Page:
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Voorheesville looks outside box, onto stage

School district renting out theater as alternative revenue source

In an effort to offset education costs for taxpayers, Voorheesville Central School District is hoping to raise money by bringing shows and concerts to their professional-quality theater. The first off-broadway production, Bealtlemania Again, will be held on Saturday, Feb. 2.

In an effort to offset education costs for taxpayers, Voorheesville Central School District is hoping to raise money by bringing shows and concerts to their professional-quality theater. The first off-broadway production, Bealtlemania Again, will be held on Saturday, Feb. 2.

— Municipalities take heed. Your tax problems may be solved thanks to the groovy tunes of The Beatles.

As school districts continue to cut their budgets and added costs are being placed on taxpayers to help fund education, the Voorheesville Central School District is looking to cut back on the burdens placed on taxpayers by finding alternative revenue sources.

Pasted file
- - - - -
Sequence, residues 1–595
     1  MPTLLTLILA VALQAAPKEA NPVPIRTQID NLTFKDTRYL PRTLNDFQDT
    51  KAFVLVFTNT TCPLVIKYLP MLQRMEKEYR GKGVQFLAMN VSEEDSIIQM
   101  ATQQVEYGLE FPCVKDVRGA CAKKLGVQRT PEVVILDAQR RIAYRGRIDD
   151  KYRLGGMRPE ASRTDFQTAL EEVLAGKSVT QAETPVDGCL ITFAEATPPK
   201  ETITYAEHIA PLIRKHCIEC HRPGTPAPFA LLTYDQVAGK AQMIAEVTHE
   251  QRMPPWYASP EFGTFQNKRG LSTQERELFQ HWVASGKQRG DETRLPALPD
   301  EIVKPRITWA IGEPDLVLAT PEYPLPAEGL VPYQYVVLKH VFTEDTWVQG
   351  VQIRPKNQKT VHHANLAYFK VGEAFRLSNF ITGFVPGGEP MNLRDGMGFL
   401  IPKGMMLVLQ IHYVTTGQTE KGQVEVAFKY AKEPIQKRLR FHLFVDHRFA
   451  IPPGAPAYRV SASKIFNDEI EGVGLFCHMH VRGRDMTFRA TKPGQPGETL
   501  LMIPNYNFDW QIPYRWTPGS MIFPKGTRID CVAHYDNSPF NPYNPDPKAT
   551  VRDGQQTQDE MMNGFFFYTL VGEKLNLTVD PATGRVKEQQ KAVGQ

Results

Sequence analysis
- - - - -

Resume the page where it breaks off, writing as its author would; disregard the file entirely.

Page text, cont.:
“Schools are facing real difficulties in figuring out how to operate and keep programming,” said Superintendent Teresa Snyder. “Districts either get stressed and makes cuts or think of alternatives to keep their programs intact.”

After being approached by Don Bowers Productions in Albany for use of Voorheesville Central’s Lydia Tobler Theatre, the district has decided to allow concerts and some off-Broadway productions into the school. Any revenue made from the shows will go toward the district’s general fund to keep programming for students without having the costs transferred to taxpayers.

“We have approached all of the school districts in the Capital District and Voorheesville was the only one to respond,” said Bernadene Bowers from Don Bowers Productions. “We do the same thing in other states for schools and it is extremely successful.”

Though the production company represents a number of acts and tribute artists, the first show at Voorheesville will be the off-Broadway production of “Beatlemania Again” on Saturday, Feb. 2.

The show tells the story of The Beatles, from their first American appearance on the Ed Sullivan Show “to their final years of ‘Abbey Road’ and ‘Let it Be.’” A group of tribute artists appear as the Fab Four, making costume changes throughout the performance.

“It’s virtually risk-free for the school district,” said Bowers. “They set their own tickets prices, but a certain number of tickets have to be sold before the show is held. Anything made after that, the district keeps.”

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